Take the 2-minute tour ×
Stack Overflow is a question and answer site for professional and enthusiast programmers. It's 100% free.

I have the following C++ code in linux:

if (epoll_wait(hEvent,&netEvents,1,0))
        // check FIRST for disconnection to avoid send() to a closed socket (halts on centos on my server!)
        if ((netEvents.events & EPOLLERR)||(netEvents.events & EPOLLHUP)||(netEvents.events & EPOLLRDHUP)) {
            save_log("> client terminated connection");
            goto connection_ended;              // ---[ if its a CLOSE event .. close :)
        if (netEvents.events & EPOLLOUT)                 // ---[ if socket is available for write
            if (send_len) {
                result = send(s,buffer,send_len,MSG_NOSIGNAL);
                save_slogf("1112:send (s=%d,len=%d,ret=%d,errno=%d,epoll=%d,events=%d)",s,send_len,result,errno,hEvent,netEvents.events);
                if (result > 0) {
                    send_len = 0;
                    current_stage = CL_STAGE_USE_LINK_BRIDGE;
                    if (close_after_send_response) {
                        save_log("> destination machine closed connection");
                        close_after_send_response = false;
                        goto connection_ended;
                } else {
                    if (errno == EAGAIN) return;
                    else if (errno == EWOULDBLOCK) return;
                    else {
                        save_log("> unexpected error on socket, terminating");


s: NON-BLOCKING (!!!) socket created from an accept on a nonblocking listening socket

Basically this code is attempting to send a packet back to a connected user that connected to a server. It usually works ok but on RANDOM occasions (perhaps when some wierd network event happends) the program hangs indefinitely on the "result = send(s,buffer,send_len,MSG_NOSIGNAL) line.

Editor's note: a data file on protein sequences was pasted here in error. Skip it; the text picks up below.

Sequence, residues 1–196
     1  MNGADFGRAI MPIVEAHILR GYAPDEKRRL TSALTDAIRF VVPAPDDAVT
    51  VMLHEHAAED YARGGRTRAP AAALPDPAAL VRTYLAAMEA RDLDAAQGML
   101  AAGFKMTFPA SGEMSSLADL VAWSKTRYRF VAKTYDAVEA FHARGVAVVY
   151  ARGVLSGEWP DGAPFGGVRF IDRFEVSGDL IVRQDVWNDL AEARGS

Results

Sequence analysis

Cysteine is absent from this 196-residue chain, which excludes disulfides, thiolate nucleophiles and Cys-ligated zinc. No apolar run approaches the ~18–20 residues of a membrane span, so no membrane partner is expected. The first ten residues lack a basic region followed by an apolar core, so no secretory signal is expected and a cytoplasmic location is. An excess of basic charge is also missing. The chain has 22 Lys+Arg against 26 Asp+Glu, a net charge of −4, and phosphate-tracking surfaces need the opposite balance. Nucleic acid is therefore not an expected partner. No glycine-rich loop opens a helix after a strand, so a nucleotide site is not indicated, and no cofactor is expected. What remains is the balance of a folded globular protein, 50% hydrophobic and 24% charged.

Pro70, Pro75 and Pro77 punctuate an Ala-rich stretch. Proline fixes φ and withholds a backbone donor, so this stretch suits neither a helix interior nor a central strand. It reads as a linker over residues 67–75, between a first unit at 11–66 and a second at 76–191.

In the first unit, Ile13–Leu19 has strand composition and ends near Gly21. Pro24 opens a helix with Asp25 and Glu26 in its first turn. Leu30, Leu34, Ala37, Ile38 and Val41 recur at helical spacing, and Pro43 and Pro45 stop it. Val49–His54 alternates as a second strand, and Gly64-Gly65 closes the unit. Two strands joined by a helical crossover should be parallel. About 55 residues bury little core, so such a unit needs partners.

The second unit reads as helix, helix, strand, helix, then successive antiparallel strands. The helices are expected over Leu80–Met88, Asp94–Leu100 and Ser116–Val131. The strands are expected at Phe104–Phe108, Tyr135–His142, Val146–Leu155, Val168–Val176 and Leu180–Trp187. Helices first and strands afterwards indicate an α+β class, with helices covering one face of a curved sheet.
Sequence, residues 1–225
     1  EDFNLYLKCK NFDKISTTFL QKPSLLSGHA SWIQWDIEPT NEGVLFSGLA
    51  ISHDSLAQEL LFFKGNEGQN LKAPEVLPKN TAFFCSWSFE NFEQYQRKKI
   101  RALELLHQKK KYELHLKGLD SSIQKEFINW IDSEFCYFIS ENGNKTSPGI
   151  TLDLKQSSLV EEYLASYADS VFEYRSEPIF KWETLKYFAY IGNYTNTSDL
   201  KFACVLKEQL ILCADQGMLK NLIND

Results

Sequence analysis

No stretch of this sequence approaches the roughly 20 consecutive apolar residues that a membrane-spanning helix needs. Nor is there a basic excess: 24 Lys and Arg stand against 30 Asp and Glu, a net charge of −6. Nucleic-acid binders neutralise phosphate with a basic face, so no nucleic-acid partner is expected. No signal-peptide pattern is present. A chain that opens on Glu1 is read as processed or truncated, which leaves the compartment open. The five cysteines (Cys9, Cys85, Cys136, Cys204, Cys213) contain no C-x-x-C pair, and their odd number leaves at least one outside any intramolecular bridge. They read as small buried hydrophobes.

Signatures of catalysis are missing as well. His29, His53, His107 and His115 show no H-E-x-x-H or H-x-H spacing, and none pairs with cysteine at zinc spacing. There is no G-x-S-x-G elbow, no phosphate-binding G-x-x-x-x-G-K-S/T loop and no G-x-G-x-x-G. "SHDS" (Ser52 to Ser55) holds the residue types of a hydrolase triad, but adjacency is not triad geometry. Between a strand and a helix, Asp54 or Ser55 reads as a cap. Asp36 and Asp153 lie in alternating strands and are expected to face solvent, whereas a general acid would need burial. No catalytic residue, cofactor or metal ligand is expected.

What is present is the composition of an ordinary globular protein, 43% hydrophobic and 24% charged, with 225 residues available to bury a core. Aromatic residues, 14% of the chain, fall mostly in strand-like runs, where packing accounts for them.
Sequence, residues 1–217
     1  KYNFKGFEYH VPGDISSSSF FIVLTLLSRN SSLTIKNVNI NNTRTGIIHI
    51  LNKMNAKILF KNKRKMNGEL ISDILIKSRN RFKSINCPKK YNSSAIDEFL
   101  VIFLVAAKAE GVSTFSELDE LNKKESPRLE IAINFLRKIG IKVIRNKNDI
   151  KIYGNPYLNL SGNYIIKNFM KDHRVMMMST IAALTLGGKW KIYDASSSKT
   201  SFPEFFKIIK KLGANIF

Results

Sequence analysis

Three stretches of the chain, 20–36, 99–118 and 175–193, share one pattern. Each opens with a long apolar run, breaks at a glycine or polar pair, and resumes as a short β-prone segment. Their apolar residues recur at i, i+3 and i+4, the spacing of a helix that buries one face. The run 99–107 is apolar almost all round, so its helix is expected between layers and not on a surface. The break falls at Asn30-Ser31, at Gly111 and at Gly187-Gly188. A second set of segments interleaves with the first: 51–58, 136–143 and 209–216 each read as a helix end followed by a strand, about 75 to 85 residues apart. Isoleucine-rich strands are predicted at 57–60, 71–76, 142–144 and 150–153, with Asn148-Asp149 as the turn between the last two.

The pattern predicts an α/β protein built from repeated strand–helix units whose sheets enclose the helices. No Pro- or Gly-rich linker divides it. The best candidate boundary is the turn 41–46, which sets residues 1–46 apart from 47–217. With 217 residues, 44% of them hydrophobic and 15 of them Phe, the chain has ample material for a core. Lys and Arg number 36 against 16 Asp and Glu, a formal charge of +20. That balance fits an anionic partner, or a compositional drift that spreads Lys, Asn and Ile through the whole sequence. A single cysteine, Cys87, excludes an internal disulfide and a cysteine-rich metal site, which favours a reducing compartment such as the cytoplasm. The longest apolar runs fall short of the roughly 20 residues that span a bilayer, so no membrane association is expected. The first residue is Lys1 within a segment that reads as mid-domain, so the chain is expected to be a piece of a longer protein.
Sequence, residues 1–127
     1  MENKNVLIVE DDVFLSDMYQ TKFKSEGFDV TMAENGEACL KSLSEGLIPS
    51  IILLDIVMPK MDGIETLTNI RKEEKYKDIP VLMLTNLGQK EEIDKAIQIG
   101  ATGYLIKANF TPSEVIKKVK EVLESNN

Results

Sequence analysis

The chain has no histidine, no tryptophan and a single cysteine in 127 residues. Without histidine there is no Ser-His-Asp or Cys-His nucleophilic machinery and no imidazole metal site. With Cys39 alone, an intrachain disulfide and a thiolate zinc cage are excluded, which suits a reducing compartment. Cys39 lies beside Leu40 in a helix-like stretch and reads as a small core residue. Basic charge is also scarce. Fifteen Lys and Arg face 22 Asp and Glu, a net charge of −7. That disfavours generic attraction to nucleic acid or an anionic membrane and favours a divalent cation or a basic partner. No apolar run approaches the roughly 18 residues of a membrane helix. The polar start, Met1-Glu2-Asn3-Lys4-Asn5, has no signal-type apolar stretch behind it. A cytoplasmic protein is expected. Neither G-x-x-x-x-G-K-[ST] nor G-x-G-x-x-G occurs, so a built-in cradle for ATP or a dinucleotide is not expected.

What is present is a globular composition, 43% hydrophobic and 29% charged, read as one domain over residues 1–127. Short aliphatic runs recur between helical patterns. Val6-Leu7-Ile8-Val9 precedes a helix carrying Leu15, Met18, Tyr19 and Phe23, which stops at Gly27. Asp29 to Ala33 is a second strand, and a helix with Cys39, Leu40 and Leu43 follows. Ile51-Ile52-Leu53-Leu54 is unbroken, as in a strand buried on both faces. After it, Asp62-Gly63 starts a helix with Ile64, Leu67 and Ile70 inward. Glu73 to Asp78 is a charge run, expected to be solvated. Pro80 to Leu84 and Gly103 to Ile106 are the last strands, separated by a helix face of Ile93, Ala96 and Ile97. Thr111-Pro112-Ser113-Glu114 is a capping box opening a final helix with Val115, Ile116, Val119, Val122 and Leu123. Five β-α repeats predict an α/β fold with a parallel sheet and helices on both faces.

I have no idea what may be the cause for this, I have tried to monitor the socket operations and nothing seemed to give me a hint of a clue as to why it happends. I have to assume this is either a KERNEL bug or something very wierd because I have the same program written under Windows and it works perfect there.

share|improve this question
You have to explicitly make 's' non-blocking if you haven't done so, it doesn't inherit non-blocking-ness from the listening socket. –  Ambroz Bizjak Jan 20 '13 at 18:08
I have tried doing it by adding a "fcntl(socket, F_SETFL, flags | O_NONBLOCK);" on the accepted socket right after it is created by accept() .. but now the information that is sent back to the client seems to be corrupted (I am sending a FLV file stream.. it worked fine before I added this fcntl)... why can it be? –  Miki Berkovich Jan 20 '13 at 19:06
In non-blocking mode, it is normal behavior that send() manages to send less data than you asked it to, and that recv() manages to receive less data than you asked it to. You have to use buffers to get sending/receiving right. For all you know, recv() could be giving data to you one byte at a time. –  Ambroz Bizjak Jan 20 '13 at 20:02
Wow, you were right. Just checked my logs and the send did send less bytes than entered on several occasions. Thanks alot! –  Miki Berkovich Jan 20 '13 at 20:13
The first rule of programming is that it's always your fault. Not a kernel bug, not a compiler bug. It's your bug. You might consider using a tested and proven framework like Boost.Asio, it is also cross platform and will work nicely on Windows. –  Sam Miller Jan 21 '13 at 21:13

Your Answer


By posting your answer, you agree to the privacy policy and terms of service.

Browse other questions tagged or ask your own question.